ROCKPORT — The Center for Contemporary Art in Rockport will open four new exhibitions on Saturday, Aug. 6, with a public reception for the artists from 4 to 6 p.m.
The exhibitions include “Un/natural Splendor,” with paintings and monotypes by Inka Essenhigh and sculpture by Richard Van Buren; “Burn Drawings and Recent Paintings” by Reese Inman, part of the statewide 2011 Maine Drawing Project; “Stopgap and Steadfast,” an installation and recent drawings and sculpture by Ethan Hayes-Chute; and “Banded Artifacts/Banded Men,” with photographs, sculpture, paintings and drawings by Paul Oberst.
The recent works of Essenhigh and Van Buren refer to the natural world. The extravagant, flowing forms and iridescent surfaces of Van Buren’s latest sculptures are inspired by the light and landscape of the Maine coast. Created from biodegradable thermoplastic and embedded with seashells, they embrace the artificial and the organic equally, suggesting life forms of their own. Essenhigh divides her time between studios in New York and Tenants Harbor. Van Buren lives and works in Perry.
Inman’s art explores the impact of computer technology on everyday life, making elements of digital process visible that are not readily apparent. The artist’s ethereal, lacelike “burn” drawings and colorful “algorithm map” paintings are created through a meticulous retracing by hand of output from computer algorithms, which Inman codes. A graduate of Harvard University, Inman lives and works in Belfast.
Hayes-Chute employs a variety of media, his work suggesting potential living situations based on his concepts of self-sufficiency, self-preservation and self-exclusion. In “Stopgap and Steadfast,” Hayes-Chute has created a new, full-scale, site-specific installation created from found and reclaimed materials, outfitted with recycled and improvised furnishings and day-to-day ephemera and artifacts. He was named the Maine Arts Commission 2011 Visual Arts Fellow and often can be found exploring dumps and perusing secondhand shops for potential objects for constructions. A graduate of the Rhode Island School of Design, he recently completed residencies in Norway and Iceland and at the Vermont Studio Center. He lives and works in Berlin, Germany, and Freeport.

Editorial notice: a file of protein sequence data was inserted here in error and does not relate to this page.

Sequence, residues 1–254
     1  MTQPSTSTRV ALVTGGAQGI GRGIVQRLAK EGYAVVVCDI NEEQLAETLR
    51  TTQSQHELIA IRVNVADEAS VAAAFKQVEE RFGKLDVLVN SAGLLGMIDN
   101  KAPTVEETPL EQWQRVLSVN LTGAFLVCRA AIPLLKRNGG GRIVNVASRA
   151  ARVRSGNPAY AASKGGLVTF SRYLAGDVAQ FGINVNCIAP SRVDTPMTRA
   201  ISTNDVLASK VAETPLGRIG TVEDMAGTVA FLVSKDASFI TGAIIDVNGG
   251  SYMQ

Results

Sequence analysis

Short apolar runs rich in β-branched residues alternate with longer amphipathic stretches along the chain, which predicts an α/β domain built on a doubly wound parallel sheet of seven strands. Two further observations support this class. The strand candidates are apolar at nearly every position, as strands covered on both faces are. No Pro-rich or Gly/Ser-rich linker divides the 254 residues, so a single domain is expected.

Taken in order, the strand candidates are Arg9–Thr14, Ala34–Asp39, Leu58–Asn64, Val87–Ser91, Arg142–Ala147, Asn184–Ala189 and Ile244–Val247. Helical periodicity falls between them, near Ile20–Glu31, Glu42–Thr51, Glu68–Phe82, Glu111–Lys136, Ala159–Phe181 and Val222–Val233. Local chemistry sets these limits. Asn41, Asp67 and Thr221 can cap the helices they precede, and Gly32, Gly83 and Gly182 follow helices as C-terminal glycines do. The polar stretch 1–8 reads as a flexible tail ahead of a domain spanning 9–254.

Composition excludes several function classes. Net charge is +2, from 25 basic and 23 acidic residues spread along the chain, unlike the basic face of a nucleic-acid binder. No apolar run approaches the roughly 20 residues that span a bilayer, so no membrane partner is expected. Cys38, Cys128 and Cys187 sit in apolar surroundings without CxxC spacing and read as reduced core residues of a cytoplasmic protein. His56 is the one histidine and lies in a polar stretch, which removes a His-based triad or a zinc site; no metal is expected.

Oberst creates objects that make reference to universal themes of ritual and ceremony. Recently he has been “banding” his created objects and photographic subjects in black and white and colored stripes, inspired by the “trickster” gods of the Southwest Pueblo people. In his photographs of banded men and boys, one senses a mysterious rite, interrupted. The subjects’ black and white body paint suggests a unity among races, a coming together of life’s dichotomies. The recent sculptural works in the exhibition resemble found ceremonial artifacts, worn with the patina of use and age, and include a site-specific installation titled “Rockport 8.” Oberst lives in Freedom. The Banded Men photographs are a collaboration of Oberst and photographer Patrick McNamara.
The Center for Maine Contemporary Art is a nonprofit organization advancing contemporary art in Maine through exhibitions and educational programs. It is located at 162 Russell Ave.. Hours are 10 a.m.-5 p.m. Tuesday through Saturday, and 1-5 p.m. Sunday. For more information, visit http://cmcanow.org/.